For the moment I'm sticking with a USB thumb drive (which has 5 years warranty, so I hope it'll last a while)...


nslu2 consumption

ad the NSLU2 consumption: is is great, but the device itself is probably not much useful.. you need a different computer to connect to it, to be able to work with it.. Just try to measure power consumption of some PDA ;-) . But I'd definitely buy one (nslu2), if I find some below 50€.


Not necessarily, or at least not always. Sure you need another computer to connect to it, but only for administration and installing. After that it can run all kinds or servers (webserver, print server, webcam image capturing, IRC logger, etc.) without any user intervention...

Below 50,- is not realistic at the moment, but ca. 70,- is possible to find... The Planet.

Thanks, Uwe, I didn't know anything about this type of device... I think that it is important to know how you are using the energy, and so, be "able to reduce the overall (useless) energy consumption (and costs!) quite a bit". It is important for us and FOR THE PLANET.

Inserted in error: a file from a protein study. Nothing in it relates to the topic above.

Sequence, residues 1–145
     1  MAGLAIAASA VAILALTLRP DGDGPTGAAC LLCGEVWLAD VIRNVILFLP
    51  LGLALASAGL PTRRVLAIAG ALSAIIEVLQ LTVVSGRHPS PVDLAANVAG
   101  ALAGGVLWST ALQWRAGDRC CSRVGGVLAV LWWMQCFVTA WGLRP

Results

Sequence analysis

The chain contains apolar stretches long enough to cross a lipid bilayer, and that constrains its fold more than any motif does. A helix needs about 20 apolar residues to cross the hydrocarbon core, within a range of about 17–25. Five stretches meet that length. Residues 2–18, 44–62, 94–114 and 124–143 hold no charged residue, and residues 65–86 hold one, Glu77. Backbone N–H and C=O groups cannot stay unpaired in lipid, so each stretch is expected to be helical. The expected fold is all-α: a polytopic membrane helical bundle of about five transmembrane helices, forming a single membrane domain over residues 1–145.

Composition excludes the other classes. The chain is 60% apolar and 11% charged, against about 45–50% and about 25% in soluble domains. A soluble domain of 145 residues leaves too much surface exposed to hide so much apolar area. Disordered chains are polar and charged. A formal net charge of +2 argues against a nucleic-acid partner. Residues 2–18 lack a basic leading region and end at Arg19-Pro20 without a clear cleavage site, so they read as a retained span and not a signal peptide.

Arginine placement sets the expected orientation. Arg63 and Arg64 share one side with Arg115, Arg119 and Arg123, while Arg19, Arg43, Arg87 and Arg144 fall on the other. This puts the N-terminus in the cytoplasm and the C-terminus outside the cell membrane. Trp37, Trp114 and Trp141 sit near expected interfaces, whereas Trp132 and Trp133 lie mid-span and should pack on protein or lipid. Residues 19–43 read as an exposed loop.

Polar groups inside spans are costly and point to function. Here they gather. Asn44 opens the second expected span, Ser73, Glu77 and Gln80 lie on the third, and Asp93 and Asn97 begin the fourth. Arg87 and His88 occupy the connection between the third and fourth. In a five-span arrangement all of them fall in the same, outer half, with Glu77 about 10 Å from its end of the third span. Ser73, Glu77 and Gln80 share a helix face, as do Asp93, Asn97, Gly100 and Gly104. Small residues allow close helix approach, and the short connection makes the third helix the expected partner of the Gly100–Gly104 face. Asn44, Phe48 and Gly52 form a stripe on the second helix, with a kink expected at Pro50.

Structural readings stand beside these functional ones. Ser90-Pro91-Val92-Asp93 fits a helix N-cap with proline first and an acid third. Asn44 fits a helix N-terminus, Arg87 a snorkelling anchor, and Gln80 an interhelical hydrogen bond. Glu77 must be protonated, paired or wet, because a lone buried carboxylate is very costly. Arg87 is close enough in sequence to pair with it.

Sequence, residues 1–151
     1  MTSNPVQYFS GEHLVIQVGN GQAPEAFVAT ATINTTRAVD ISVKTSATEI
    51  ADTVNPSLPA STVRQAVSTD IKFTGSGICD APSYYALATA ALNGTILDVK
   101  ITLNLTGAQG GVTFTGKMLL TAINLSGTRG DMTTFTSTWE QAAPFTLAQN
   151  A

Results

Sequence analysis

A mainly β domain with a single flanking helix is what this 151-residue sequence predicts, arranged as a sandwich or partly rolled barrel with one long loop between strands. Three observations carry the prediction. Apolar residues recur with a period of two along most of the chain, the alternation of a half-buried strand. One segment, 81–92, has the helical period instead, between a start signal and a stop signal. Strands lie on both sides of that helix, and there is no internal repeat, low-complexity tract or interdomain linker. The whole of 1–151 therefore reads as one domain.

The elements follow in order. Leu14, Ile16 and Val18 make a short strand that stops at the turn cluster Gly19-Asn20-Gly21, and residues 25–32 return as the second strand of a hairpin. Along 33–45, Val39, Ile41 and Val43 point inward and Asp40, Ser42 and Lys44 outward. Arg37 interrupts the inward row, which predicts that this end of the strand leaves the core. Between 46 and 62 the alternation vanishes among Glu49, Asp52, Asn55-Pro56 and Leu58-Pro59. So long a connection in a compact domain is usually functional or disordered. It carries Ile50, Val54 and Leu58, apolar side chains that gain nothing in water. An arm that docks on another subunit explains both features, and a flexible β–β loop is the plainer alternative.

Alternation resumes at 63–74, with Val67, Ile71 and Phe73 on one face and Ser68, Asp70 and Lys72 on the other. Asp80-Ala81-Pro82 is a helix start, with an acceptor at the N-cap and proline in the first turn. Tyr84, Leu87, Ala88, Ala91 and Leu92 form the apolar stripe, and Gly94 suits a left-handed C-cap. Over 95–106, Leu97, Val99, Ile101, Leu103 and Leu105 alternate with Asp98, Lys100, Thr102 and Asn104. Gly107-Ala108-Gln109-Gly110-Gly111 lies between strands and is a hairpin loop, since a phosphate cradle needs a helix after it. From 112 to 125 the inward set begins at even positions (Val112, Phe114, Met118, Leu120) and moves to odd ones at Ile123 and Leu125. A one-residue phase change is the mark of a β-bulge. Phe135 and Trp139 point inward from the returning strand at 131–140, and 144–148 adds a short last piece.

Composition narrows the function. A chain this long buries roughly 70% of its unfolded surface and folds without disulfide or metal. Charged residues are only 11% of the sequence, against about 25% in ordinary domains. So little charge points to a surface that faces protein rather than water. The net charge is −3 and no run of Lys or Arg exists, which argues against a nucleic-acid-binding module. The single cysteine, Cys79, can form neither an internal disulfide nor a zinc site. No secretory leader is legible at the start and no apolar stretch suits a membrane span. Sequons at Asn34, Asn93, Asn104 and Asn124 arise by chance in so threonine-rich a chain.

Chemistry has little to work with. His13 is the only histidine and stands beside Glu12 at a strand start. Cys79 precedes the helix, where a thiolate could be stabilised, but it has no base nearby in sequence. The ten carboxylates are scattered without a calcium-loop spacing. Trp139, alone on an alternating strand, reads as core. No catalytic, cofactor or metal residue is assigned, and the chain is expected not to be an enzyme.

Kind regards.

Cost of meter

Uwe, how much did the meter cost?


This one cost me 25 Euros, but there are some (with less features) which are about 10 Euros...


You've only measured the electricity usage of the kettle. To get the efficiency you need to know how much of that is used in heating the water and how much is lost to the surroundings.

Kettle: 2035 W

That's quite normal, isn't it? They pretty much have a rendement of almost 100%, because they're supposed to generate heat.

I guess that about 2030 W of the total goes into the water, so if you take a lighter one, the only difference you'll notice is that boiling the water takes longer, thereby using the same amount of energy: You still need to heat up the same amount of water the same amount of degrees.

Kettles are not wasting energy

Kettle. Off: 0 W. On: 2035 W.
Quite a shock. I bet there are more energy-efficient ones out there, but still...

Eh, no. Kettles are extremely efficient (if you look only at electricity and not gas) for heating water[1]. What you just learned is that it takes a lot of energy to heat water. So unless you want to wait longer for your water (without saving energy!), a kettle should have as much power as possible.



Nice, thanks all for the clarifications!

Stand-by power consumption

Hi Uwe?